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Biscayne Bay

Biscayne Bay; 35 miles long and averaging about 7 miles wide is probably the only reason why I still live here. Somehow it's managed to survive Miami's relentless urban sprawl that has nearly choked off the Everglades. The constant flushing of the tides , the fortuitous halt to development decades ago (God bless Lloyd Miller and many others) , it's eventual National Park status, and close proximity to the life giving currents of the Gulf Stream have spared The Bay from almost certain doom. Though not what it used to be, it's still home to all manner of marine life as well as three of the most sought after and difficult to catch saltwater gamefish in the world; Bonefish, Permit, and Tarpon. Finding them in all sorts of bottom and water depths in a single day is not uncommon. Combined with the Bay's notorious winds, it can be a demanding fishery that will frustrate even the most accomplished angler.  


 My personal favorite tormentor.  These aren't your typical Belizan micros. Our permit hold heavyweight title status. 15 to 20 pounders abound with titans in the 30+ pound category a relatively common sight. Nothing a well placed crab can't win over...most of the time.


On fly,  you may want to leave your sanity at the dock and bring a six pack though The Everest of fly fishing is not as impossible as you may think. Keep your morale up, nerves in check, and practice, practice, practice. When one of these things slinks into range you'll be glad you did. The first cast and the second correcting cast being your most important. Done right, a heart pounding inspection of the offering is sure to come. You're in God's hands after that.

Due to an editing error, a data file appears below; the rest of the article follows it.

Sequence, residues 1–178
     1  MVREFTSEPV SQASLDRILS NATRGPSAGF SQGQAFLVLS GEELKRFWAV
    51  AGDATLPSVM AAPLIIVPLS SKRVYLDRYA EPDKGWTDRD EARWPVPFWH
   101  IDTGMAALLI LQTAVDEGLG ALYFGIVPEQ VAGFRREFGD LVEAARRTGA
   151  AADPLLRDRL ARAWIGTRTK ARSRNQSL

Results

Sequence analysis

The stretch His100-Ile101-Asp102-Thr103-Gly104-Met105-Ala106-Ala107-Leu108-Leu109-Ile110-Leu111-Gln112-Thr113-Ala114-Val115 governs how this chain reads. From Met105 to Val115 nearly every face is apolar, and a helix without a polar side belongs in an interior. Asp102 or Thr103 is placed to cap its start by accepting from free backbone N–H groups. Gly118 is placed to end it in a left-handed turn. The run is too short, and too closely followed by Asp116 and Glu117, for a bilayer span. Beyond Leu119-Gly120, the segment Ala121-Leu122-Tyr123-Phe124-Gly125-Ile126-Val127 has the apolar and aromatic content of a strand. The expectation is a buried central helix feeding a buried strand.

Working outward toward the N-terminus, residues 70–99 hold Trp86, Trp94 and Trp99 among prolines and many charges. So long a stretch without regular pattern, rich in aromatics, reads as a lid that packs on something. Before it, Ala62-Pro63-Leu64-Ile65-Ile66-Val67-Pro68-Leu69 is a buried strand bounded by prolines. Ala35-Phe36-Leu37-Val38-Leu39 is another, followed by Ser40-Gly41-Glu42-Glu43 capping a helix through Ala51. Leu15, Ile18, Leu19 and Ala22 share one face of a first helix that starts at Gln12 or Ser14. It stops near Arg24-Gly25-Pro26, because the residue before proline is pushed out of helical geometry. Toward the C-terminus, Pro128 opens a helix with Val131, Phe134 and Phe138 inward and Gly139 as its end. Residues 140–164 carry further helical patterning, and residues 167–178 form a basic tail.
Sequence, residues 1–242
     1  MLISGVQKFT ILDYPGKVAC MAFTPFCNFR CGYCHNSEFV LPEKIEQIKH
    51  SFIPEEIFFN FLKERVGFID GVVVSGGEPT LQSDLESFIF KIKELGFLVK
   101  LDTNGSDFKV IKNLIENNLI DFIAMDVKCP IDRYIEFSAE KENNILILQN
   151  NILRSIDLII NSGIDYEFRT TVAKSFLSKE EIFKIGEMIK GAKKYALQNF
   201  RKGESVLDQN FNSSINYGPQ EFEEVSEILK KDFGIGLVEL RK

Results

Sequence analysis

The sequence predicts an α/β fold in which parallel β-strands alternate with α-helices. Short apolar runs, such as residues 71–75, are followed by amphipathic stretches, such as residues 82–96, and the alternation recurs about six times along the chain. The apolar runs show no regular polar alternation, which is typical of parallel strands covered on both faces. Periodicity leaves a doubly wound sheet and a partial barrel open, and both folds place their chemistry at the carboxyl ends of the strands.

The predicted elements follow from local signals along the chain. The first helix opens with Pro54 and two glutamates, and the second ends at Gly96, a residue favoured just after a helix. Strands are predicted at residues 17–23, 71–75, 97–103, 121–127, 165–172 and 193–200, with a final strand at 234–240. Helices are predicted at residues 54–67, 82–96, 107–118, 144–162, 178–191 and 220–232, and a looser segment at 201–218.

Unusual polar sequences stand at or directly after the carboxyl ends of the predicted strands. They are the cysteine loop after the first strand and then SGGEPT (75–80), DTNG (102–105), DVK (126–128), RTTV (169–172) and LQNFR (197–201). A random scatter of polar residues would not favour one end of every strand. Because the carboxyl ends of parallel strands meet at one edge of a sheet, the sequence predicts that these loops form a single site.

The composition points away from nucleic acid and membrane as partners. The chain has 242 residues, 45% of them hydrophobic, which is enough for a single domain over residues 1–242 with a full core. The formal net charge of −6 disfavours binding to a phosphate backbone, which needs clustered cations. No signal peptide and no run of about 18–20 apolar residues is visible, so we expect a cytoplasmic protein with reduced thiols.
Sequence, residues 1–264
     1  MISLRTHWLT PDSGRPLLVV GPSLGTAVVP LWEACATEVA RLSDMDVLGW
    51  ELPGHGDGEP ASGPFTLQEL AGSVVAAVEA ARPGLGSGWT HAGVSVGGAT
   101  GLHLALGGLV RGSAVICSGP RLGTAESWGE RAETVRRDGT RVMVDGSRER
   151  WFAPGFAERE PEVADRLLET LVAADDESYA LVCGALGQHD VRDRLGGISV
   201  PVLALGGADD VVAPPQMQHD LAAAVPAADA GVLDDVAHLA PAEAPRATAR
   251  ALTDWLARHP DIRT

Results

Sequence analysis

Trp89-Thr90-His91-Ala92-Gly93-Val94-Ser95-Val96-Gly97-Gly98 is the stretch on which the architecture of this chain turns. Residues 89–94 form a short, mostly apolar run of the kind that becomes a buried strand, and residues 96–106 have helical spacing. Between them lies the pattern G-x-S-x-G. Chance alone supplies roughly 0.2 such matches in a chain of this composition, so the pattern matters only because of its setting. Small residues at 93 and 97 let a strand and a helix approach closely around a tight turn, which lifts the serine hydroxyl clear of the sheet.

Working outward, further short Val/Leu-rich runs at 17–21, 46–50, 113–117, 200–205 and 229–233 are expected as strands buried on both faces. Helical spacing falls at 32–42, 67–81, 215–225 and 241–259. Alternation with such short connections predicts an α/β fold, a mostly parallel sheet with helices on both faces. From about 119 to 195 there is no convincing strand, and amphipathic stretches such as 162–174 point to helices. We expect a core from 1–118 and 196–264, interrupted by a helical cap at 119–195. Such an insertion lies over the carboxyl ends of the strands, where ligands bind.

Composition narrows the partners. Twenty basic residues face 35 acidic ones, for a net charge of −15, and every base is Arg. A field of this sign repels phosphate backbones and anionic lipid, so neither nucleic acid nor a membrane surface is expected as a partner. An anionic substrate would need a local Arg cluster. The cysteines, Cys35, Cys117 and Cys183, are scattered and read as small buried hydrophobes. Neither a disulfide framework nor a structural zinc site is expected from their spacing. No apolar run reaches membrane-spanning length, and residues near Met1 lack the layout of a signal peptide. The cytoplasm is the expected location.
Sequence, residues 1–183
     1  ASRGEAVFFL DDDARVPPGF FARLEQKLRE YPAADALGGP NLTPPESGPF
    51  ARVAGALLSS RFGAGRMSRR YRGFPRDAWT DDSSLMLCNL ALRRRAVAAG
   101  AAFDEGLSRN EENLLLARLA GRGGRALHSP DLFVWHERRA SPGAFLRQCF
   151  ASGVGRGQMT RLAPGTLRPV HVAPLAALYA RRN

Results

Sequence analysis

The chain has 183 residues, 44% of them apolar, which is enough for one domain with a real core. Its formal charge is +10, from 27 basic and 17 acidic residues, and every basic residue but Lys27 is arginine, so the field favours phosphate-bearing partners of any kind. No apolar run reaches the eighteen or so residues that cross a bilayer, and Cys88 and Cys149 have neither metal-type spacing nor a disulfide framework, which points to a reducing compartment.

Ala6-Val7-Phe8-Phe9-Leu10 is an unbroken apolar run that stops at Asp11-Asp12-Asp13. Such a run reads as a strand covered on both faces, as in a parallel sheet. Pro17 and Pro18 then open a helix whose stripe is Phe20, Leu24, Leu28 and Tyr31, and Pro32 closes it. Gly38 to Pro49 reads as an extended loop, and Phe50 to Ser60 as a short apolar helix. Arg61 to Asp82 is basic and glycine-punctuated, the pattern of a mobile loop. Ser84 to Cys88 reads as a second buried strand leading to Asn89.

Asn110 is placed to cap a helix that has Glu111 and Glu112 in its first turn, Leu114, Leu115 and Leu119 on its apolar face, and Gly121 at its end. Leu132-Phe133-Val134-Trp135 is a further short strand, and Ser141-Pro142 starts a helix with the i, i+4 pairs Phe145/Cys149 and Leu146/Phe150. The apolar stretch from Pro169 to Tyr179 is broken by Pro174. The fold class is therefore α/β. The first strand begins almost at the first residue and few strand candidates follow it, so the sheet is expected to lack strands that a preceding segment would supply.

For many, the only reason to grab a fly rod. Giants can be found year round here. The winter shrimp run mayhem produce many a nocturnal bridge hero and is the easiest way to bring a fish to hand. 


Spring  brings us the migratory swimmers passing through on their way to the keys where there are more tarpon guides than fish.  All in all, Biscayne Bay Tarpon can be found in all manner of different scenarios and sizes depending on the time of year. Pack your lunch if you hook a fatty and pray your leader survives.  


  The Bonefish, my first love. We get em all sizes here, all year round. Tailing, mudding, waking, rumbling, flashing, and at times just being straight up d*cks. Hook one and you'll understand what the big deal is about. Unfortunately, even though the Bahamas are right across the street we don't have the numbers they do. The 2010 freeze did a number on them too. Maybe one day the glory days will return and nature will adapt yet again though this seems to be already be happening. Bonefishing has been getting better with every year that passes.


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